BBC bias in the run-up to Police and Crime Commissioner elections?

Ed Miliband’s appearance on BBC West Midlands (WM) Radio has sparked controversy over his discussion of Labour Police and Crime Commissioner candidate, Bob Jones

by Natalie Glanvill on 14 November 2012 13:53


Ed Miliband’s appearance on BBC West Midlands (WM) Radio has sparked controversy over the Labour leader’s discussion of Labour Police and Crime Commissioner candidate, Bob Jones.

Miliband appeared on Paul Frank’s prime-time show yesterday afternoon in which he discussed Bob Jones’s candidacy at length for approximately six minutes in the run-up the to the six o’clock news. Jones’s name was mentioned no less than 10 times.

Frank failed to intervene at any stage to remind Miliband of the BBC’s election guidelines for PCCs in England (expect London) and Wales which state:

“A key intention of these guidelines is to encourage vigorous debate and to give candidates themselves the opportunity to make their case without giving unfair advantage to one candidate or party over another”.

The guidelines, which were approved by the BBC Trust Editorial Standards Committee in September, say,

There is no area of broadcasting where the BBC’s commitment to due impartiality is more closely scrutinised than in reporting election campaigns”.

At no time during the Labour leader’s interview did Miliband mention other candidates in the PCC Elections, which are to be held tomorrow, other than to say,

“The independents will speak for themselves, but if you are a Tory or Lib Dem candidate, you’re somebody who has gone along with these police cuts because that’s what the government has imposed”. Frank gave a hurried run-through of the other candidate’s names at the end of the interview.

The station which attracts over 214,000 adult listeners each week, allowed Miliband to discuss the candidates proposals and pledges.

Less than one minute into the interview, Miliband said:

“Bob Jones, I think we have an excellent candidate in the West Midlands, someone with huge experience. I was with him in Wolverhampton last Friday and he showed his comprehensive knowledge on many of the issues that the West Midlands is facing.”

Miliband then discussed the candidate’s agenda, saying,

“He’s got a very clear agenda which is, protecting front-line policing, we’ve seen huge cuts, particularly in the West Midlands, imposed by the this government, tough action on anti-social behaviour and not privatising our police force. So we’ve got a clear agenda in these elections and we’re going to try and make the best of them”.

The leader of the opposition continued discussing the Labour election candidate in what increasingly sounded like a political advert:

“What do people want? They want somebody who will say actually these cuts to front-line officers in the West Midlands are wrong and somebody who will go to central government and say, I’m standing up for police officers in the West Midlands. I know Bob is going to do that and I know Bob will bring great experience to doing that”.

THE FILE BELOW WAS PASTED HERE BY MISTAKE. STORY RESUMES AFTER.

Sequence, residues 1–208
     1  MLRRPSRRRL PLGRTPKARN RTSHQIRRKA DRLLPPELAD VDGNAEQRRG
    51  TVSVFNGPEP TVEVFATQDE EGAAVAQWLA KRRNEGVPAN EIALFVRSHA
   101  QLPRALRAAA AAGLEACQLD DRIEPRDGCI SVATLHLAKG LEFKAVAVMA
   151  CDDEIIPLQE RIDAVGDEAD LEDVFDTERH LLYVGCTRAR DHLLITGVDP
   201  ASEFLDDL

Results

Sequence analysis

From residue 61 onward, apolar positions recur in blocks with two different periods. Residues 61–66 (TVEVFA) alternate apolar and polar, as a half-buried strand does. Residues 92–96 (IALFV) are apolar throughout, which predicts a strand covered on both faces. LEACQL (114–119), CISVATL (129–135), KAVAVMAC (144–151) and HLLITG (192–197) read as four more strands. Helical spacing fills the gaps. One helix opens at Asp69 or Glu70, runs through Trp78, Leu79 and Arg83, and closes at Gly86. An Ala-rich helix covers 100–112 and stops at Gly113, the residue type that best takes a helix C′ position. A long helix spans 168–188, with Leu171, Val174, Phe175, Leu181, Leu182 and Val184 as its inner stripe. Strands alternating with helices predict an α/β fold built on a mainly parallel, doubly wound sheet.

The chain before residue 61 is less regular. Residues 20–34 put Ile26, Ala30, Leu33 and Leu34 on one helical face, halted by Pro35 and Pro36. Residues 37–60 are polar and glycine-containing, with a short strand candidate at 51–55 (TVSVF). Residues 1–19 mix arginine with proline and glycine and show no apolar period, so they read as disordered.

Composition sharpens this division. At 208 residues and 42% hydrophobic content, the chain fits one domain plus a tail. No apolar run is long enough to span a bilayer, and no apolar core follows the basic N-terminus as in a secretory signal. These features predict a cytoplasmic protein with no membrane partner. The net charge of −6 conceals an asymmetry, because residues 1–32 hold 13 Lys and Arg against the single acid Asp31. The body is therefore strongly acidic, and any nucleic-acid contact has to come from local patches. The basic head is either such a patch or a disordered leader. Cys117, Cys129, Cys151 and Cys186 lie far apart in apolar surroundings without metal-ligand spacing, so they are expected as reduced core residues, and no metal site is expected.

Earlier this week, Prime Minister David Cameron also appeared on BBC WM Radio. On Monday’s breakfast show with Pete Morgan, Cameron was invited to discuss the up-and-coming PCC elections. Aware of the BBC’s editorial guidelines on impartiality, Cameron made no attempt to give political coverage to any candidate. He told viewers:

“There are good candidates in the West Midlands, I am not allowed to mention their names on the radio apparently for all the laws that we have”.

He advised listeners to “go on the internet, look them up and see what they’re promising and choose who to vote for”.

In response to Miliband’s interview, the United Kingdom Independent Party (UKIP) candidate, Bill Etheridge told The Commentator, “I think it was an obvious case of bias whether it was intentional or unintentional. The interview was allowed to become a 7 minute party political broadcast on behalf of Bob Jones and the Labour Party”.

“This whole campaign has been characterised by a lack of media coverage and what coverage we have had has been shoddy and inadequate”.

Etheridge said that it was not surprising that this had come from the public-funded broadcaster.

“I am very disappointed by the behaviour of the BBC in regard to this matter but as a member of UKIP I am not surprised. It’s something you tend to get used to”.

PCC Conservative Candidate for the West Midlands, Matt Bennett, told The Commentator that he questioned the broadcaster’s judgement over Miliband’s interview and said that, “It was a very odd decision for the BBC to give unequal airtime to the other candidate two days before the election”.

A BBC spokesperson told The Commentator: "In accordance with these guidelines, BBC WM have given all candidates fair and consistent coverage. All seven candidates have taken part in all aspects of their election coverage, inlcuding interviews on their Breakfast, Drivetime and Mid-Morning programmes and their PCC debate on Thursday 8th November". 

In tomorrow’s first ever election of this kind, 41 new police and crime commissioners will be elected across England and Wales.

Natalie Glanvill is an Editorial Assistant at The Commentator and tweets at @NatalieGlanvil1

blog comments powered by Disqus